If you like it, save it!
Save and organize all of the stuff you love in one place.Got it!
If you like something…
Click the heart, it's called favoriting. Favorite the stuff you like.Got it!
Today: When Laura Ferrara and Fabio Chizzola bought a house in upstate New York, they became apple farmers against all odds, and Westwind Orchard was born.
Left: Laura in her garden. Right: The barn at Westwind Orchard.
It was the trees' striking resemblance to an olive grove that convinced Laura Ferrara and her husband Fabio Chizzola to purchase a weekend home and orchard in upstate New York almost fifteen years ago. Laura remembered, "When we saw the property, the trees were in bloom and everything was so overgrown that it was almost like a fairytale." As Italian-Americans, Laura and Fabio felt nostalgic towards the trees, which reminded Fabio of his family's summer home outside of Rome and Laura of her parent's hometown in Campania. It wasn't until the couple moved in with their two-year-old son that they realized their mistake, as pointed out by the area's local farmers: "Turns out they were heirloom apple trees—we had no idea," Laura said, laughing.
Almost overnight, Laura and Fabio who were based Manhattan, where they still work as a stylist and photographer, respectively earned new titles as apple farmers. Well, almost: The community of farmers in their town of Accord, New York warned the couple that the trees were too old to bear fruit. "We were told that we were better off cutting them all down," Laura said. However, she and Fabio couldn't stand the idea of cutting down trees that had been planted almost fifty years before. "To see things as so disposable," she told me, "and a tree that's so majestic with so much history be cut down—we couldn't do it. We wanted to live with these trees no matter what."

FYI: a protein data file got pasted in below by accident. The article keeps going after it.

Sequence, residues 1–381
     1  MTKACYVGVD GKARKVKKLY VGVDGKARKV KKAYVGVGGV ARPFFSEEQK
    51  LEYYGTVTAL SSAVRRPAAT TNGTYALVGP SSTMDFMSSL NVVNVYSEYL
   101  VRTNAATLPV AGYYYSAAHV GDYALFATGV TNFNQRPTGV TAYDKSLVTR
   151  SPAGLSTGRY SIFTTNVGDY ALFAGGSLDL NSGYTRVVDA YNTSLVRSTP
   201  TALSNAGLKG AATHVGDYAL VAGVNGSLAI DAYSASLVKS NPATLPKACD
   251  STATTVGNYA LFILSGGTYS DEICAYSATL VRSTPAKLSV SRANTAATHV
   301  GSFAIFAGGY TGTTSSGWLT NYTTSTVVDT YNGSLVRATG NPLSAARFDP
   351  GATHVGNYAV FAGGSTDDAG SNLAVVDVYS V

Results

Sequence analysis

Fabio spent the next winter teaching himself about farming. "He just read up on pruning and said I’m going to try to do this," she paused, "We have 500 trees."
More: If you ever find yourself with an apple orchard—or a bag of apples, may we suggest this apple cider pie?
Left: One of our favorite pies on the site, made with apple cider. Right: Fabio and Laura in Accord, NY.
The next year, against all odds, with the help of Fabio's newfound area of expertise and with the encouragement of his friend Mike, a local pomologist, the apples bore fruit. "We didnt think anything of it," Laura remembered. Then, after a few years, Fabio planted blackberries and raspberries. "I kept asking him, 'Why are you doing this?' And he said, we have this land so I just want to try it." As the apples and berries flourished, Laura spent her weekends picking apples and making the berries into a jam from a recipe from Fabio's mother. "I just [make] it the way I like," she told me, "which is really smooth and not gelatinous. It's mostly just berries and lemon." She began selling her goods on a table by the side of the road everyday between her commutes into the city for Fashion Week and editorial photoshoots.